Better Off Without You

by Lori Dwyer on January 30, 2012 · 81 comments

Every now and then I get an email from, or talk to, a bloke who tells me they empathise with my husband, that they’ve been in the state of mind he was in when everything went wrong. A lot of them have read the post I wrote about men and suicide.

Some of them say thank you, just reading that helped me. Others of them say that had they read my blog, the living, grieving aftermath of a suicide, they may have felt differently when they were considering it themselves. And there are those who say that reading my blog wouldn’t have made one iota of difference to how they felt or how they acted.

All valid reactions, and thank you, gentlemen, for your honesty and candor. I love feedback. I love correspondence. I love to know if and how this blog is effecting people. It helps…. death always has to has to have some kind of purpose. Meaning making- the human skill of giving death a deeper meaning than the stopping of the heart, the slow decomposition of cells- it’s what allows to move on, psychologically, from grief.

But I digress. I was getting to the part where I say that there is, I’ve noticed, a common theme amongst the men who write to me, those who have considered- or attempted- tot take their own lives before. Women say it too, but not as frequently as men… never as often as men.

“I really, honestly, thought my family and the people I knew would be better off without me.”

It scares the shit out of me, how often I’ve heard this. How deep the conviction behind it. How solid, and irrefutable and logical people tell me it is. Not just a misguided belief that no would miss them much at all… but a deep core belief that the rest of the world- their loved ones in particular- would really, truly be better off without them.

And I know, first hand and in terrifying technicolor, just how very wrong that notion is. Just over twelve months after my husband took his own life, and I see the spiraling, spider-webbing consequences of it every day.

And if you don’t believe me, I can prove it. The consequences stack up day after day after day… it’s written in the life stories of myself and my children and so many people I know and love.

I can tell you about it, show you the proof.

A mother, broken, waiting to die. A sister who has lost the only man she could ever depend on, so devastated by her loss she just can’t control her pain and lashes out at others cruelly and indiscriminately. A teenage girl who’s lost her anchor, her rock, her hero.

A woman, not even thirty, who’s had everything taken from her, who’s crippled with grief and pain and anxiety. A little girl who knows Santa better than Daddy. Who will never, ever know her father, who called her his princess. A little boy who, at four years old, understands more about death than any child should, and sometimes still curls up on the floor, with his father’s pillow, listening to his dad’s favorite CD, and he talks to me about how tall Daddy was, how high he could jump. He tells me, when I cry, that it’s OK, Daddy is watching me from Heaven and I can still talk to him.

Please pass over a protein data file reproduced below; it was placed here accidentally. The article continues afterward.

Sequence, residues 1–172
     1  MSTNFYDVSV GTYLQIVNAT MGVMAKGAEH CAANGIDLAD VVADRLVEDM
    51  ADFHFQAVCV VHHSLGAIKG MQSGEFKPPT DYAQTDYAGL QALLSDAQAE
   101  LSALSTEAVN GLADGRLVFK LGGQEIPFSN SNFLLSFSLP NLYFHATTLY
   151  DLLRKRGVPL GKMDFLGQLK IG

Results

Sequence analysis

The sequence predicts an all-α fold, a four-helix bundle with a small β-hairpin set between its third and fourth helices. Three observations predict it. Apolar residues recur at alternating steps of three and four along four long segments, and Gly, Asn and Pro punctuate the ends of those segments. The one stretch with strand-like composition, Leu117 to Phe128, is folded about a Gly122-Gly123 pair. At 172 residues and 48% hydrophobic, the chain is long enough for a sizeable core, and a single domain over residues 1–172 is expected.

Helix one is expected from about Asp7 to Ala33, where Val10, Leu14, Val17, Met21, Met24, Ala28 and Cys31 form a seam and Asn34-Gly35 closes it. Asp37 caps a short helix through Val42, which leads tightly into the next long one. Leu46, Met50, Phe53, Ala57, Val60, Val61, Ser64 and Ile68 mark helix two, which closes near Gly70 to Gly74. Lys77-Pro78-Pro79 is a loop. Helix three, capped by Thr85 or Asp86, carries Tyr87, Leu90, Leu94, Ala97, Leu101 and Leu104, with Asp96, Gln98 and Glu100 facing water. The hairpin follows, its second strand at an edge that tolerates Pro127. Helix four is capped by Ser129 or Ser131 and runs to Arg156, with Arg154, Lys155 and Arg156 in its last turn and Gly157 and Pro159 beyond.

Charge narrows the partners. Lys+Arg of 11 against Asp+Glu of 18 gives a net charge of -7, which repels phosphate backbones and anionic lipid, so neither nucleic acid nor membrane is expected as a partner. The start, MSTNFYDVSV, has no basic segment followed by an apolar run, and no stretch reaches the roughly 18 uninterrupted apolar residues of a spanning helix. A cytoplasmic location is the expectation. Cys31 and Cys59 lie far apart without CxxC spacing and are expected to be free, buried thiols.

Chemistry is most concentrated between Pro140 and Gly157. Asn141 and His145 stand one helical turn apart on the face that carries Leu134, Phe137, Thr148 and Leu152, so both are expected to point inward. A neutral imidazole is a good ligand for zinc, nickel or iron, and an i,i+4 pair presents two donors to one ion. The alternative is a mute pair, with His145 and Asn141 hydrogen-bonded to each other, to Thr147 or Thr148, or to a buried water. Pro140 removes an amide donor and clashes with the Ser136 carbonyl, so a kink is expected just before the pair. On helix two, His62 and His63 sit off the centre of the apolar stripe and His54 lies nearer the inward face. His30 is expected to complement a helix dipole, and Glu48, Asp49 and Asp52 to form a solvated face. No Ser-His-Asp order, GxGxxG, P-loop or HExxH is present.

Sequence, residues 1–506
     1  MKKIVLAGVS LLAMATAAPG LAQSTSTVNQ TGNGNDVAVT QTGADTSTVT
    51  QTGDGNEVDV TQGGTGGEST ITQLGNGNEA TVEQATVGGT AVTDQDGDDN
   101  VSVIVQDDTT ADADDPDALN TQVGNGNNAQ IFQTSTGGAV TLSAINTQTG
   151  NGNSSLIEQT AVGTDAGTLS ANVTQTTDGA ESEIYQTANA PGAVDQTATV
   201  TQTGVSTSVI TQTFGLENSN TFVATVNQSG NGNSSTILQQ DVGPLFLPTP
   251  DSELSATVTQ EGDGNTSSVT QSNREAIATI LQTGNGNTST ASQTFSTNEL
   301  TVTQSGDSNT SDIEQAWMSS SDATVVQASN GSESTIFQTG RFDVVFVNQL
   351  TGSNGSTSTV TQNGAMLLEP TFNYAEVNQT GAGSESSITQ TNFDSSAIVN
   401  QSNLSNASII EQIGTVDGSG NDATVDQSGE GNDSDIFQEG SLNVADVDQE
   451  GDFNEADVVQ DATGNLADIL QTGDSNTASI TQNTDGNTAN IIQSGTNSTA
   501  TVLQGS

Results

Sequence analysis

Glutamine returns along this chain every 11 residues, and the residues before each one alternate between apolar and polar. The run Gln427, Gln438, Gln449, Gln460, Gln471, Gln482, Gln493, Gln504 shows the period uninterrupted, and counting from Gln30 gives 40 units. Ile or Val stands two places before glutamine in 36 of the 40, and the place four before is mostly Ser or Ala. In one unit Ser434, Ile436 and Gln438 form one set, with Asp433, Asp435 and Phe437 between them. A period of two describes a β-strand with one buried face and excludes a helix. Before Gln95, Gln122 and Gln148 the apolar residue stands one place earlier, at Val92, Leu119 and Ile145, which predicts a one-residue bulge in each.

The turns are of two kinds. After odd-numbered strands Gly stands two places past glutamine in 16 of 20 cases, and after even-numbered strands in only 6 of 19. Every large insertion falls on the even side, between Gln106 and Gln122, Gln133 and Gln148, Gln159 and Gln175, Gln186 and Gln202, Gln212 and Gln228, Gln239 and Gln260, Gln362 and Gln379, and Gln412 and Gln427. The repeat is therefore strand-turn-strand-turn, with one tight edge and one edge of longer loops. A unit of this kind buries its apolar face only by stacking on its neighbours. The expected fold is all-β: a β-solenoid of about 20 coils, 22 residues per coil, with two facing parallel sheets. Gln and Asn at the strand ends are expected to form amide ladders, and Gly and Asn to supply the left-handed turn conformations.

And did reading that last paragraph break your heart? Good. Because that was my intention. If you ever think anyone would be better off without you, I want you to remember that image. And there’s more. You think that’s where it stops, with the people closest to you, those immediately involved with you? You are wrong.

I can show you a man who was already grieving, who’s lost the only bloke who understood him, the only other male he could talk to. I can show you a woman who has had her faith in God badly shaken, her belief in happiness undermined. I can show you a couple, together for twenty years, now divorcing- the result of compounded events, part of which was the poison that invaded their lives when mine fell apart.

I can show you a child who should have a godfather, two grooms who were missing their best man. I can show you an ambulance officer who will never look at things the same again. I can show you a psychologist who had all her perceptions realigned. I can show you a man who had to live through his own father’s suicide all over again.

I can show you two small children who miss going to daycare with their best mate, who don’t understand why he left to move far away. I can show you a boy who became a man in the week he painted the Purple from my life. I can show a woman who is haunted by CPR. I can show you men, a few of them, who seem to have lost their balls when they lost their friend.

I could go on, I could write this list forever… but it hurts, and I don’t need to. I’m sure you understand what I’m saying. You really, truly think that anyone in your life would be better of without you, after reading the list of pain my husband’s suicide has left behind? Can you see how far it reaches, how it didn’t just effect us, or his family, or even just his friends? It left a pattern, a long, long path of destruction, and after twelve months, it still has not stopped.

No one will be better off without you. You can even think to yourself “It will hurt now, but eventually, in a few months, they’ll be better off”. And I can tell you- you are wrong. No one will be better off without you, not now, not in the future, not ever.

Suicide, taking your own life, however it’s done or however minimal you think the harm may be- you are wrong.

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